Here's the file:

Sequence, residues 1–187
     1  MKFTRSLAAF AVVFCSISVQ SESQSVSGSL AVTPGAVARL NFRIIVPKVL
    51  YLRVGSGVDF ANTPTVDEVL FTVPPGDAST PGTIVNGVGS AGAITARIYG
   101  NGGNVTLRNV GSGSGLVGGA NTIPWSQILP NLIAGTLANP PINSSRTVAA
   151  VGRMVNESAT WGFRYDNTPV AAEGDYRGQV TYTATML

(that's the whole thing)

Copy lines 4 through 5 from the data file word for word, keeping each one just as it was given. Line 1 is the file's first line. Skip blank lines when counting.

   101  NGGNVTLRNV GSGSGLVGGA NTIPWSQILP NLIAGTLANP PINSSRTVAA
   151  VGRMVNESAT WGFRYDNTPV AAEGDYRGQV TYTATML